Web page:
Chuck Hitchcock’s layout of the Argentine Division of Santa Fe Railway will forever stand as one of the most inventive and innovative model railroads ever built. The techniques Chuck used in planning and bringing to life 1953 Kansas City have inspired generations of new modelers, and the hobby is forever thankful for his pioneering.
Over the course of three decades, Chuck happily toiled away in his workshop, building the HO scale structures, trackage and scenery that dedicated modelers know and love. Since its inception in 1972, Chuck has been refining, upgrading and operating the Argentine with a passion for precision and perfection. We wanted to get a sense of how Chuck created and continues to maintain this remarkable layout, so host Allen Keller visited Chuck for a behind-the-scenes tour and a conversation about all things model railroading. In this segment, Chuck discusses the techniques he utilized to construct the realistic HO scale structures you’ll find in the Argentine yard and throughout the industrial portions of his layout.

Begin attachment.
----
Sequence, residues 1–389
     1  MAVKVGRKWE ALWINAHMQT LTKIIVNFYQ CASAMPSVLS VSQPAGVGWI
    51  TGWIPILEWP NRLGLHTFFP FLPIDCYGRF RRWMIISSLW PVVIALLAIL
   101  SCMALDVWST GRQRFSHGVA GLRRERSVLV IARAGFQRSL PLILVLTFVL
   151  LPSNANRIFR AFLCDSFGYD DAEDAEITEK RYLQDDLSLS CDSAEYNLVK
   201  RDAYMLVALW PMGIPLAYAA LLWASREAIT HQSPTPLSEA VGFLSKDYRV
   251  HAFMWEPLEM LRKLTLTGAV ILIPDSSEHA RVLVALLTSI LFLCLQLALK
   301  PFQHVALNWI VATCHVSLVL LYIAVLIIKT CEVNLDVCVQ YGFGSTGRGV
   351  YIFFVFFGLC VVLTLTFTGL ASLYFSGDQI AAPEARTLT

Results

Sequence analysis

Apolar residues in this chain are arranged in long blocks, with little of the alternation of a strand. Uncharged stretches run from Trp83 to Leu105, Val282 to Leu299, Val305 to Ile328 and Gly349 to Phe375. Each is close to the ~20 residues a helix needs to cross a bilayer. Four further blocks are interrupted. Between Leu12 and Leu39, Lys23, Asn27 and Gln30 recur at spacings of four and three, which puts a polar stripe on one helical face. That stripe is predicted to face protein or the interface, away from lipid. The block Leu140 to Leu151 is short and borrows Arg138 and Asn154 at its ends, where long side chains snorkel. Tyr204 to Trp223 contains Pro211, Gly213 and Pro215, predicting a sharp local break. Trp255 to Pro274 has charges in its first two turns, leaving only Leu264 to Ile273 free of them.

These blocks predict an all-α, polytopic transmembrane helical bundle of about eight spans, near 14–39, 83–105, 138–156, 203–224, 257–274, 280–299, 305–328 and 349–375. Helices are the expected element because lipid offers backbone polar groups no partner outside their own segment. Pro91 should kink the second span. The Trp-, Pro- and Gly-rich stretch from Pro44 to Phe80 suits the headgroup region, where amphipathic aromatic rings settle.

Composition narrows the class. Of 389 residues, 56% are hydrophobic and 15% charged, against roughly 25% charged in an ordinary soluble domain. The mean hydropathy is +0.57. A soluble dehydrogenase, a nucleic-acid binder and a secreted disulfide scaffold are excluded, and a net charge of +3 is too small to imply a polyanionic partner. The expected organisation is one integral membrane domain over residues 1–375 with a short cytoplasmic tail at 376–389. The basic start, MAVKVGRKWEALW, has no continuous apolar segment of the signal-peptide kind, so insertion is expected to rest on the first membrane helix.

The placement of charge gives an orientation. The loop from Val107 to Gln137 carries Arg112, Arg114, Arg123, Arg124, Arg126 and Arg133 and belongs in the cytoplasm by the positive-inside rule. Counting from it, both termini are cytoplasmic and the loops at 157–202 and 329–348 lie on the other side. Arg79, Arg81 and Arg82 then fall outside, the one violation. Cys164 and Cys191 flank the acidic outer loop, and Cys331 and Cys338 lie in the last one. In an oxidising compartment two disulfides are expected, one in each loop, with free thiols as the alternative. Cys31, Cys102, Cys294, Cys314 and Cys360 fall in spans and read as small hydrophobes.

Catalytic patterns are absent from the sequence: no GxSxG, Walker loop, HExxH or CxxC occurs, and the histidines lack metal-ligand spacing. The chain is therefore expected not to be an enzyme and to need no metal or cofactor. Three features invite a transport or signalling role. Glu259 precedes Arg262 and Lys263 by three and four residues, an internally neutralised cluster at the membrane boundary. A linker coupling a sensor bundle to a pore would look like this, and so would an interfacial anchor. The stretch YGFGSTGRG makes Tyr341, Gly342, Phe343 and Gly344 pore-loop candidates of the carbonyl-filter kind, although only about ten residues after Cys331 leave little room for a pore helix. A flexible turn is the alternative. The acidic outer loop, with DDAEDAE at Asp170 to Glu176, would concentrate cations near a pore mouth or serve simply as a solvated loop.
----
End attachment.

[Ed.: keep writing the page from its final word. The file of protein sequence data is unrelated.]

On creating lifelike industrial HO scale structures
If you’ve ever built your own HO scale structures on a model railroad layout, then you certainly know the immense benefits of working with styrene. Its durability and rigidity make it wonderfully easy to manipulate for a variety of HO scale structures, which is why Chuck utilized so much of it on his recreation of Kansas City’s Argentine Division.
To demonstrate the usefulness of styrene in making HO scale structures, Chuck walks you through a number of the industrial HO scale structures he created for his era-appropriate yard layouts and other urban sections of the railroad. You’ll see how he designed and modeled a range of HO scale structures, including the Pullman Building and its rooftop water source, the Western Auto and its trademark signage, and the K.C. Terminal Warehouse, which was actually constructed out of modules from City Plastics.
After talking about the building of his HO scale structures, Chuck reminisces on his time in the hobby, and goes over some of the challenges, setbacks and ultimate rewards of embarking on the construction of this outstanding layout. He also describes his goal of constructing a real (albeit small-scale) railroad rather than a “trainset.” Don’t miss this valuable insight from a true master of the art form!